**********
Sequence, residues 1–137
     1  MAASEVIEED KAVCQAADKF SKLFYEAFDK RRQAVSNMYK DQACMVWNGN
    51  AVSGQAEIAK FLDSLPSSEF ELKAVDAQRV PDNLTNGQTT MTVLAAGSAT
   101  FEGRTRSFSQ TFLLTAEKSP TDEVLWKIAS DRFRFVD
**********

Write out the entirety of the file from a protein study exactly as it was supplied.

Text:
Sequence, residues 1–137
     1  MAASEVIEED KAVCQAADKF SKLFYEAFDK RRQAVSNMYK DQACMVWNGN
    51  AVSGQAEIAK FLDSLPSSEF ELKAVDAQRV PDNLTNGQTT MTVLAAGSAT
   101  FEGRTRSFSQ TFLLTAEKSP TDEVLWKIAS DRFRFVD